Wendell Berry Community Garden
A project of Sustainable South Sound’s Local Food Systems Program… Welcome!
How and where our food is grown, and how it gets to our table, has tremendous implications for our ability to create a more sustainable future.
The Local Food Systems Program seeks to increase the amount of food grown on public property and private land in the Olympia urban area by advocating for changes to public policy, providing information and resources, and building a vibrant network of urban farmers.
The Wendell Berry Community Garden was established in May of 2009. The garden was named after novelist, essayist, poet and farmer Wendell Berry, who for over 40 years has been reminding us that eating is a political act, and that how we treat the soil and how we produce our food is a reflection of our values. Berry believes that it is only by reconstructing our agricultural system from the soil up that we might hope to achieve a sustainable future and a more caring and peaceful society.
Unlike most community gardens that divide the land into small parcels to be planted and tended by individuals, this garden was managed by a collective of people who jointly share responsibility for planning, tending and enjoying the bounty. Collective management allowed us to think more long term and to design systems to maximize the sustainability of the land. For example, the gardeners were committed to producing all of the compost and organic material needed for ongoing soil health on site, so that we didn’t need to continually bring in outside inputs, thereby reducing our environmental impact and carbon footprint.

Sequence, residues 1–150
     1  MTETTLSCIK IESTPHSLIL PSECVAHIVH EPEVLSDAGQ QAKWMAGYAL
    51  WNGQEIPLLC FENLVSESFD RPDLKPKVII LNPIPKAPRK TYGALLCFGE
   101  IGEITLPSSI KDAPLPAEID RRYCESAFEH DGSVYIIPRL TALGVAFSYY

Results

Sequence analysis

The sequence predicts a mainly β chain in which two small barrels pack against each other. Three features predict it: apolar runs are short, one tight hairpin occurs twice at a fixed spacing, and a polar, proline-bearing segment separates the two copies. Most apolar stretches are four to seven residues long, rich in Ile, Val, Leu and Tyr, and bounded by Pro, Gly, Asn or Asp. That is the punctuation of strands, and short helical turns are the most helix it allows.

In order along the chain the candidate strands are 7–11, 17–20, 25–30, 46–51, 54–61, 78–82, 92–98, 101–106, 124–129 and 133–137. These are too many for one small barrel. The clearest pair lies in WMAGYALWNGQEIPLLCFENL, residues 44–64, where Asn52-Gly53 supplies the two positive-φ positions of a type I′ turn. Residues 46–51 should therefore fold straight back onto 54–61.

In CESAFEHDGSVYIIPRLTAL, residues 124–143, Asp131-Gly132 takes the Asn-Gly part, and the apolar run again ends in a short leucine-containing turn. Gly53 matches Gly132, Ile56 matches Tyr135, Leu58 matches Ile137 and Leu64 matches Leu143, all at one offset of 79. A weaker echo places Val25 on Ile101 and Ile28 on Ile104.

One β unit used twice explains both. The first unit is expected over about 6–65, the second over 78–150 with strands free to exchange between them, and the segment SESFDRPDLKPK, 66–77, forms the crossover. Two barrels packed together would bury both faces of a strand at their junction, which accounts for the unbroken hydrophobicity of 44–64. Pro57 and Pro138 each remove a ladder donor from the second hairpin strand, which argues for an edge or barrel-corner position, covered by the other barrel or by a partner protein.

In addition, through a partnership with the Olympia Seed Exchange we set aside a portion of the land for seed production, so that over time we were raising most of the seed we needed on site, and selected crop varieties that were most adapted to our unique microclimate. In addition, by keeping bees on-site we increased the pollination rate for not just our own garden but for all of the gardens within a one-mile radius.
In its short life the garden became a location for workshops, demonstrations, and tours designed to showcase the potential for raising food in our urban area using sustainable organic methods of production.
The garden was made possible through the generous support of the landowners, Dick and Rosemary Walrod, whose commitment to building a stronger neighborhood and a more sustainable community were vital to our success. In addition, through a partnership with the Northeast Neighborhood Association we obtained a small neighborhood sustainability grant from the City of Olympia to help establish the garden. We also secured further grant funding through the Community Sustaining Fund to support garden expansion.
In our first season we harvested nearly 5,000 lbs. of organic food for collective members, our neighbors, and the Thurston County Food Bank. In 2012 our harvest increased to nearly 18 tons!